promotions including "all you can drink for £10"
and "dentist chairs" will be banned under tough
new powers introduced from today, announced Home Office Minister
It is estimated that alcohol-related crime and disorder costs the
UK taxpayer between £8 and £13 billion a year. The mandatory code
introduces five conditions for all alcohol retailers which will
ensure consistent good practice and crack down on problem premises
where irresponsible drinking could put individuals at risk and
lead to crime and antisocial behaviour.
The conditions that coming into force today are:
- banning irresponsible promotions such as "all you can
drink for £10" offers, women drink free deals and speed
drinking competitions. These promotions encourage people to drink
quickly or irresponsibly and could lead to crime or antisocial behaviour;
- banning "dentist’s chairs" where drink is
poured directly into the mouths of customers making it impossible
for them to control the amount they are drinking; and
- ensuring free tap water is available for customers - allowing
people to space out their drinks and reduce the risks of becoming
The remaining conditions come into effect on 1 October to give
retailers time to prepare. They are:
- ensuring all those who sell alcohol have an age verification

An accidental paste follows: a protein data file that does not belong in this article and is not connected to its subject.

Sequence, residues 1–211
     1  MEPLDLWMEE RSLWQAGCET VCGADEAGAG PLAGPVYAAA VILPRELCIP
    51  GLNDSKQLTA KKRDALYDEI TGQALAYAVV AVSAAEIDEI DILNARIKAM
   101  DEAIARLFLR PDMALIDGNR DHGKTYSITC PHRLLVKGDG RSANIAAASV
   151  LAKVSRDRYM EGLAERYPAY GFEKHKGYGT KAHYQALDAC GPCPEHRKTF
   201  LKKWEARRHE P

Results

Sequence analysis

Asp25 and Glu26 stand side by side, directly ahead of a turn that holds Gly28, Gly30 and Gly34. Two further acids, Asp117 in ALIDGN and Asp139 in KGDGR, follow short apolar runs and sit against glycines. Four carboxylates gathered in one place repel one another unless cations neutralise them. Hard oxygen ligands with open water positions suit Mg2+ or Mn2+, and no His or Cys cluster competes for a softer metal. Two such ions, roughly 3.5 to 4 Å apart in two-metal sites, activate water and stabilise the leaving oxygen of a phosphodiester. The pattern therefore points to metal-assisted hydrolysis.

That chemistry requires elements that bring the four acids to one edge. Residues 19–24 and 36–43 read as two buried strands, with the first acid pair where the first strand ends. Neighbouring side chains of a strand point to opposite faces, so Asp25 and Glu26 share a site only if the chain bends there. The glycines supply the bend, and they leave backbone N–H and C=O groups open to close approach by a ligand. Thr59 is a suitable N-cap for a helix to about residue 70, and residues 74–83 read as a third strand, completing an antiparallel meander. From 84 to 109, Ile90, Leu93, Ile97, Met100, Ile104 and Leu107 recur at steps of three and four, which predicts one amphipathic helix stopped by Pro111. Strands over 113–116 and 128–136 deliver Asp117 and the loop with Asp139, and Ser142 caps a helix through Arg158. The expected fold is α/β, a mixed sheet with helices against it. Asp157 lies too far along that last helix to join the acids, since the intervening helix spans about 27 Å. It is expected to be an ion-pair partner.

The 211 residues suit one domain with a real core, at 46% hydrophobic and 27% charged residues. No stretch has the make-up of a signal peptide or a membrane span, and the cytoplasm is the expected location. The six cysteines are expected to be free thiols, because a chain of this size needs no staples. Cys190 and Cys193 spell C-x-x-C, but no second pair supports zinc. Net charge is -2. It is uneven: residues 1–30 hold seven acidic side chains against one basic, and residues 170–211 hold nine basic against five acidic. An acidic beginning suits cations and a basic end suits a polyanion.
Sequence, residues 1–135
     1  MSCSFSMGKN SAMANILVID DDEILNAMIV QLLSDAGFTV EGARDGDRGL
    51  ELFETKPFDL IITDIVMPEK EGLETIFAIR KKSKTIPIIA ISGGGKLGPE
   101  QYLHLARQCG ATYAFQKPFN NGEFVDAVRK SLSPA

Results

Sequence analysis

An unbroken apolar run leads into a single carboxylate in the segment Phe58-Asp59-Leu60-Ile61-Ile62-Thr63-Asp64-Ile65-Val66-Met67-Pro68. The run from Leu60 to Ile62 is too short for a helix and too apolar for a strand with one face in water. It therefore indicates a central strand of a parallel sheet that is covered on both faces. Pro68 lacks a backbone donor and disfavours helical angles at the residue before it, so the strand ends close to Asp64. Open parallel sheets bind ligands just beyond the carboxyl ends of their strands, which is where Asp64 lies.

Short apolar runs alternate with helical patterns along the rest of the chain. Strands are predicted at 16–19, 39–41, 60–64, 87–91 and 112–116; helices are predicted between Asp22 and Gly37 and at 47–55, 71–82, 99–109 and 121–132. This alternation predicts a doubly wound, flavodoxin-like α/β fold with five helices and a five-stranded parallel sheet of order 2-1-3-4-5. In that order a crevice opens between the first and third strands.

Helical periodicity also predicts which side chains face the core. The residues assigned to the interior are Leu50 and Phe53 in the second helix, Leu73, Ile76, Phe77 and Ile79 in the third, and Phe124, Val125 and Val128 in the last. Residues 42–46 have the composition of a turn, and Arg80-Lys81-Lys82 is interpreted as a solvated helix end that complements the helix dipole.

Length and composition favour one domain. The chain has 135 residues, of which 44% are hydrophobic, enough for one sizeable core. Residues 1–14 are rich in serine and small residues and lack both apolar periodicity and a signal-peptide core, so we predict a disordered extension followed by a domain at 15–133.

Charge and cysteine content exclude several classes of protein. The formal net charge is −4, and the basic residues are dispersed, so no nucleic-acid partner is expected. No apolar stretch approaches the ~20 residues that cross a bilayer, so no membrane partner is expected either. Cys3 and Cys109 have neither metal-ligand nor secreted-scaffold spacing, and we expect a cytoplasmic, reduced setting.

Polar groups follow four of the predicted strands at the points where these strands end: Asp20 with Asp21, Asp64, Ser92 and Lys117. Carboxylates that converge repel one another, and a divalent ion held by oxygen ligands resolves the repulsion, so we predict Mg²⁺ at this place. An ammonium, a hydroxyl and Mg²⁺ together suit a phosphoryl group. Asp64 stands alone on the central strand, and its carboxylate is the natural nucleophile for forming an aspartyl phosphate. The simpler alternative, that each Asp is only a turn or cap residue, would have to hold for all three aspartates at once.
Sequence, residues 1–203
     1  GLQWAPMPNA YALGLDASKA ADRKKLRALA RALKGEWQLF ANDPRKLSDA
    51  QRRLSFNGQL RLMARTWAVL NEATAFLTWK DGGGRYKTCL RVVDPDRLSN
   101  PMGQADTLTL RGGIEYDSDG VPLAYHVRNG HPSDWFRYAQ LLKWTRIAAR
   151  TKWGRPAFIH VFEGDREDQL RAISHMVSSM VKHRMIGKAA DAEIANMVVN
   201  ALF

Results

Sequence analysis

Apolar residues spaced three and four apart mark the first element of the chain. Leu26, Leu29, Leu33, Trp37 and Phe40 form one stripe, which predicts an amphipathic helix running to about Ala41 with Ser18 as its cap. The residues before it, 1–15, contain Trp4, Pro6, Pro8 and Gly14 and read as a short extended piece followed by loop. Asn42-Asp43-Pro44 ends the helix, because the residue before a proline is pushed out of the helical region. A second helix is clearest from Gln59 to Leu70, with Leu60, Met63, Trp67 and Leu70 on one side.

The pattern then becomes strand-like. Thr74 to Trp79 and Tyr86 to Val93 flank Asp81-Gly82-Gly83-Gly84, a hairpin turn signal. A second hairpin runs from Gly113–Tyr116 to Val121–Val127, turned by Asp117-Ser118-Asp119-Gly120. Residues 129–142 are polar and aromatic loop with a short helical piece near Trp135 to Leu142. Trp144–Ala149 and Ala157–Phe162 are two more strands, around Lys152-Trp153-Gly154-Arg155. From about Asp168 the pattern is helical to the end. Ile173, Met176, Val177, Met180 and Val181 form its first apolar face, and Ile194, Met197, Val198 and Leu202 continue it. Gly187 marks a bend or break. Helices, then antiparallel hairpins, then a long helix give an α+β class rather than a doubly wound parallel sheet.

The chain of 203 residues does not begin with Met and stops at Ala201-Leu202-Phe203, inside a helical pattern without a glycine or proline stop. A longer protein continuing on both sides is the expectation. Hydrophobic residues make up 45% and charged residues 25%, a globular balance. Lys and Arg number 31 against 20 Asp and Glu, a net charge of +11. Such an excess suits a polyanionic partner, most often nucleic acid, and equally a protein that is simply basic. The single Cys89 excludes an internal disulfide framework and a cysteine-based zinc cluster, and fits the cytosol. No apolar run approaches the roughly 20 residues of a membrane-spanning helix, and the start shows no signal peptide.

policy in place requiring them to check the ID of anyone who looks
under 18 to prevent underage drinking which can lead to antisocial
behaviour and put young people at risk of harm; and
- ensuring that all on trade premises make available small
measures of beers, wine and spirits to customers so customers have
the choice between a single or double measure of spirits and a
large or small glass of wine.
Home Office Minister Alan Campbell said:
"Alcohol-related crime costs the UK billions of pounds
every year and while the vast majority of retailers are
responsible, a minority continue to run irresponsible promotions
which fuel the excessive drinking that leads to alcohol-related
crime and disorder.
"The code will see an end to these promotions and ensure
premises check the ID of those who appear to be underage helping
to make our towns and city centres safer places for those who just
want to enjoy a good night out."
Any premises that breach the mandatory code or any secondary
conditions that have been imposed will face a range of possible
sanctions including losing their licence, having additional tough
conditions imposed on their licence or, on summary conviction a
maximum £20,000 fine and/or six months imprisonment.
Following a nationwide consultation in 2008, which generated more
than 7,000 responses, the Home Office actively engaged with the
alcohol industry to develop the final five conditions and to
produce a "best practice" document for all
retailers which sets out the best voluntary initiatives that the
alcohol industry has produced.
Charlotte Elmer, Heineken UK, said:
"We welcomed the opportunity to participate fully in the
consultation process on the mandatory code and found the Home
Office to be open and responsive in taking on board industry
concerns about some elements of the original draft.
"This partnership working approach has ensured the final
version of the Code is proportionate, raising standards by banning
the extreme end of promotions, such as drink all you can for £10.
We do not believe this kind of deep discounting to drive footfall
sits side by side with the promotion of responsible consumption.
"We also welcome the requirement to ensure free tap